Columbia theatre community honored in 25th annual Black Theatre Alliance Awards

By Mateusz Janik, Staff Reporter

Courtesy Michael Brosilow
AnJi White (pictured) was nominated for The Ethel Waters Award for Best Actress in an Ensemble for her role in “For Colored Girls Who Have Considered Suicide/When the Rainbow is Enuf.”

Editor’s Note: In addition to her nomination for the show “Caroline, or Change,” Breanne Jacobs works as a media sales rep for the Chronicle.

AnJi White was not aware of the Black Theatre Alliance Awards until she was a first-time nominee in 2016 for the Ruby Dee Award for Best Leading Actress in a Play.

“I don’t tend to really focus on that. I just focus on the work, and if that happens, that’s nice,” White said.

This year’s nominees for the 25th annual awards include: AnJi White, former acting major; Michael Pogue, 2006 acting alumnus; Therese Ritchie, 2018 theatre design alumna; Breanne Jacobs, senior musical theatre major; and Jacqueline Penrod, associate chair and associate professor in the Theatre Department. 

The awards ceremony will be hosted by Columbia in the Conaway Center, 1104 S. Wabash Ave., Monday, Oct. 14.

Founded in 1995 by Vincent Williams, a 2003 performing arts management alumnus, the Black Theatre Alliance Awards honor excellence in theatre, dance and technical arts by African Americans and Chicago performers.

AnJi White, “For Colored Girls Who Have Considered Suicide/When the Rainbow is Enuf”

White was nominated for The Ethel Waters Award for Best Actress in an Ensemble for her role in “For Colored Girls Who Have Considered Suicide/When the Rainbow is Enuf,” which is also nominated separately for a Target Community Relations Award for Best Ensemble.

“[‘For Colored Girls’] deserves recognition because the eight of us really put ourselves in vulnerable situations,” White said. 

Produced by Court Theatre at the University of Chicago, 5535 S. Ellis Ave., the show follows the story of seven women who experience the challenges of being women of color through movement, music, and poetry.

Michael Pogue, “The Recommendation”

Pogue is nominated for The Sidney Poitier Award for Best Leading Actor for his role in “The Recommendation,” produced by Windy City Playhouse, 3014 W. Irving Park Road.

Pogue said Columbia’s networking opportunities helped him to receive more roles and nominations.

“As soon as I started auditioning and doing a few understudying roles on a professional level while attending school, [that] was around the first time that I started hearing about the BTAAs and other actors getting nominations,” Pogue said.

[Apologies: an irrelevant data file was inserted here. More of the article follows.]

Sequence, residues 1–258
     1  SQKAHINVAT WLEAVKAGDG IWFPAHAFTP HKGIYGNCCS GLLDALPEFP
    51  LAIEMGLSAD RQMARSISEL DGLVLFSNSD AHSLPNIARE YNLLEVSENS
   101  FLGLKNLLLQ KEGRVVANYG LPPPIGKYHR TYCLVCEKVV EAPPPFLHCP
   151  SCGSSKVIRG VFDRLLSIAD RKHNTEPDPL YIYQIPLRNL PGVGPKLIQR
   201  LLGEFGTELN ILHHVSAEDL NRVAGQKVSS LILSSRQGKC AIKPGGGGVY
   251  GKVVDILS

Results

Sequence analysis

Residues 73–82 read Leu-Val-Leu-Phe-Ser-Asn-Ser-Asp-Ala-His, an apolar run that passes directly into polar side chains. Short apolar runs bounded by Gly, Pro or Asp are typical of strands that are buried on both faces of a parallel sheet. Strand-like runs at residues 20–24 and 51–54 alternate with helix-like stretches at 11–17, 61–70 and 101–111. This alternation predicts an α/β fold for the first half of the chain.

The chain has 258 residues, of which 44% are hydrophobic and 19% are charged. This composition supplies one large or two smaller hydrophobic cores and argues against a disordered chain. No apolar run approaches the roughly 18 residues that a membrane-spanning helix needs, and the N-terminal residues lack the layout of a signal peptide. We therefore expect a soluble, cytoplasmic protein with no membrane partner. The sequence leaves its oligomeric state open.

Breanne Jacobs, “Caroline, or Change”

Jacobs is nominated for The Phylicia Rashad Award for Most Promising Actress for her role in “Caroline, or Change,” produced by Firebrand Theatre, 1331 N. Milwaukee Ave., and TimeLine Theatre Company.

“Breanne Jacobs is the definition of a hard worker to me,” said Caitlin Dobbins, senior musical theatre major and Jacob’s former roommate. “[Jacobs] came [to] Chicago with no connections … and she has done so much within the four years that she has been here. There’s no one [else] that I would ever think that wouldn’t deserve something like this.”

Therese Ritchie, “No Child…”

For recent graduate Ritchie—nominated for the Ed Burbidge Award for Best Set Design in “No Child…,” produced by Definition Theatre Company—Columbia provided hands-on experience in theatre design.

“I started going to Columbia in 2015. It was my third college because I was in New York for a hot second, dropped out [and then] went to a local university closer to back home,” Ritchie said.

Now, she is currently attending graduate school at Northern Illinois University where she said other graduate students with BFAs do not have the same skill set as her.

Jaqueline Penrod, “Eclipsed”

Ritchie also happens to be nominated alongside her mentor, Jacqueline Penrod, associate chair and associate professor in the Theatre Department at Columbia.

Penrod—nominated for the Ed Burbidge Award for her work in “Eclipsed,” produced by Pegasus Theatre, 1105 W. Chicago Ave.—said she appreciates the acknowledgment from the Black Theatre Alliance Awards, but said she does not need the attention to know if her work is good.

“It’s both a nice thing [and] not the thing that’s gonna make my season,” Penrod said. “[I’m] more focused on storytelling and theatre-making.”

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